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contained under that treaty. 1 Nevertheless, Economic, Social and Cultural ( esc ) rights are still non-justiciable under its constitutional framework and have consequently failed to attract policy attention let alone adequate judicial protection in domestic arena. Though the higher judiciary in

In: International Human Rights Law Review
Author: Amrei Müller
In The Relationship between Economic, Social and Cultural Rights and International Humanitarian Law, Amrei Müller offers a detailed analysis of the legal consequences of the parallel application of economic, social and cultural (ESC) rights and international humanitarian law (IHL) to non-international armed conflicts.
With a focus on health related issues, the book covers important topics like the scope of limitations to and derogations from ESC rights, questions related to the integration of the right to health in military-target decisions, states’ obligations to mitigate the adverse public health impact of armed conflicts and obligations relating to the provision of humanitarian assistance.
It moves the discussion about the parallel application of IHL and human rights to a new level, highlighting its potential to enhance the protection of people affected by armed conflicts but also the difficulties involved.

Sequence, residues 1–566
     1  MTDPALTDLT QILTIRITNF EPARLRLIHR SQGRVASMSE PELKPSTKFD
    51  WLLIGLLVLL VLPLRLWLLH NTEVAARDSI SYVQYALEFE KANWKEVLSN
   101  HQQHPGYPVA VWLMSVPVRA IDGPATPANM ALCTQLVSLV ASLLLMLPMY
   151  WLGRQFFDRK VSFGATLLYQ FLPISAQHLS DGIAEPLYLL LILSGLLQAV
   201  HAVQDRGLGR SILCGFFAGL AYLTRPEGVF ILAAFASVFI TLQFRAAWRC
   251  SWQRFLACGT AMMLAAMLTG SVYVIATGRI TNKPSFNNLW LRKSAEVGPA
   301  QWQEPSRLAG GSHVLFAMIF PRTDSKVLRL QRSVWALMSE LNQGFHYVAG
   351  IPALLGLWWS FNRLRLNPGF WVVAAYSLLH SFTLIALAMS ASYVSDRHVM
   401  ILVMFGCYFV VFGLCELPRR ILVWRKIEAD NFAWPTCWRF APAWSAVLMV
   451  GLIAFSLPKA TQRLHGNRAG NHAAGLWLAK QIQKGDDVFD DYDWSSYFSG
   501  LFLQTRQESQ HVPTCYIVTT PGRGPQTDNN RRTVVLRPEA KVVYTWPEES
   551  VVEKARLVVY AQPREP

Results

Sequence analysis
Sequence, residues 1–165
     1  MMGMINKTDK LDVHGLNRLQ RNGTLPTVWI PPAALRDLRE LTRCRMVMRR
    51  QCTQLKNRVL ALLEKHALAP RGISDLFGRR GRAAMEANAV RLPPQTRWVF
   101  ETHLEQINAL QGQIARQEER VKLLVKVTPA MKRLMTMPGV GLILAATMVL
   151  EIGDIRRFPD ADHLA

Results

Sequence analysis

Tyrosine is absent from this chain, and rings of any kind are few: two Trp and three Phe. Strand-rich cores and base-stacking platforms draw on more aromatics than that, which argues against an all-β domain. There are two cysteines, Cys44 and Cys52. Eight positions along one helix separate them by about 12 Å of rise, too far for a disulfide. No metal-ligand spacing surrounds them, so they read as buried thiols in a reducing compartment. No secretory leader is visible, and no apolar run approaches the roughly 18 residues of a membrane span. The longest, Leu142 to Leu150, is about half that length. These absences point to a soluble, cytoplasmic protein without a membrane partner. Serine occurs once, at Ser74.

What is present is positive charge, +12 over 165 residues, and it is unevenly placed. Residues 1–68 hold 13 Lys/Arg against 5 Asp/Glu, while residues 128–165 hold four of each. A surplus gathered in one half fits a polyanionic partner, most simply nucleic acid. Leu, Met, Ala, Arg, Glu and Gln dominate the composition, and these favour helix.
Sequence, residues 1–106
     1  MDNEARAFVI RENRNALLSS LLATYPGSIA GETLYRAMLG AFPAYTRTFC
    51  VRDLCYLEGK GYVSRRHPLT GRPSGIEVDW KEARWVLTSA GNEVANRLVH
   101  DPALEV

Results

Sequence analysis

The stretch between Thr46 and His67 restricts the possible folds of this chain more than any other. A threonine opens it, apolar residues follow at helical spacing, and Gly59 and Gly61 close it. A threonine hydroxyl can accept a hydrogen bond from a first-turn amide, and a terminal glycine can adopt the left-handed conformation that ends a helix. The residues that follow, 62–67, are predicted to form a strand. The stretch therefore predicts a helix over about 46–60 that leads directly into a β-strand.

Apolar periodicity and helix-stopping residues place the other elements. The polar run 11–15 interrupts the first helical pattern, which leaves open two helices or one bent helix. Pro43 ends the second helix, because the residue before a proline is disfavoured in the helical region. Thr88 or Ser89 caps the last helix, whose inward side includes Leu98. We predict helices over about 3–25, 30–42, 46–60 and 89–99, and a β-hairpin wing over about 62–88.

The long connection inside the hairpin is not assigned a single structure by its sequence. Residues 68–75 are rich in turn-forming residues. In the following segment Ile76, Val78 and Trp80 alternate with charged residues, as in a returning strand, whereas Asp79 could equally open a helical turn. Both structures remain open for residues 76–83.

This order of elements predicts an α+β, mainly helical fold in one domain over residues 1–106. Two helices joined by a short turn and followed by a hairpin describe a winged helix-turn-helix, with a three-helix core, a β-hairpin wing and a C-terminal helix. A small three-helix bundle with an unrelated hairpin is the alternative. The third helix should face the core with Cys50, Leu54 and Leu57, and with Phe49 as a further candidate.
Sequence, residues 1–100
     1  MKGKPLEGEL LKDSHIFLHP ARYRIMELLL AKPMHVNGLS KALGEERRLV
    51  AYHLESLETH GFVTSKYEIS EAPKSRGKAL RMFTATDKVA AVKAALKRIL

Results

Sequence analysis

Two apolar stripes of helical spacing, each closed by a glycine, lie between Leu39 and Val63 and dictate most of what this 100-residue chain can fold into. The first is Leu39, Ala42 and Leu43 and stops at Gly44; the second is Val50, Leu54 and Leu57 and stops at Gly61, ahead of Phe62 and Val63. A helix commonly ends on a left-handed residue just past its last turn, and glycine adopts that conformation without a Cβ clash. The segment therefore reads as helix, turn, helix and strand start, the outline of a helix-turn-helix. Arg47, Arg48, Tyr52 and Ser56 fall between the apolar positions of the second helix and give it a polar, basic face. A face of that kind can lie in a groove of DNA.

enforcement of economic, social and cultural (ESC) rights against Nigeria by the ECOWAS CCJ in cases brought by individuals, when the CFRN expressly declares ESC rights unenforceable in its Chapter II. The article argues that this constitutional bump is a direct indication that decisions of the ECOWAS CCJ

In: International Human Rights Law Review

, social and cultural ( esc ) rights under the African Charter by the African Commission and what has been the legal impact (legal effect) of the African Charter on the protection of these rights in Africa over 30 years. The main focus is to examine the contribution of the African Commission to the

In: International Human Rights Law Review